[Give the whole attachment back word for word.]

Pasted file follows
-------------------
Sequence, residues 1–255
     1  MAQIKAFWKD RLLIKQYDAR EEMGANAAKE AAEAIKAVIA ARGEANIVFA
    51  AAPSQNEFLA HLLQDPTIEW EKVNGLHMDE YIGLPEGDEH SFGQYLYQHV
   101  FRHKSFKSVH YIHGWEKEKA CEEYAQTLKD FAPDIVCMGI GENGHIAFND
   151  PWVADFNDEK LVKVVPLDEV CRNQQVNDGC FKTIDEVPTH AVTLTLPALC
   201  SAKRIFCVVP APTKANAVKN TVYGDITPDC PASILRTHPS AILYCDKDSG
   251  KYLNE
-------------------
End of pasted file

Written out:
Sequence, residues 1–255
     1  MAQIKAFWKD RLLIKQYDAR EEMGANAAKE AAEAIKAVIA ARGEANIVFA
    51  AAPSQNEFLA HLLQDPTIEW EKVNGLHMDE YIGLPEGDEH SFGQYLYQHV
   101  FRHKSFKSVH YIHGWEKEKA CEEYAQTLKD FAPDIVCMGI GENGHIAFND
   151  PWVADFNDEK LVKVVPLDEV CRNQQVNDGC FKTIDEVPTH AVTLTLPALC
   201  SAKRIFCVVP APTKANAVKN TVYGDITPDC PASILRTHPS AILYCDKDSG
   251  KYLNE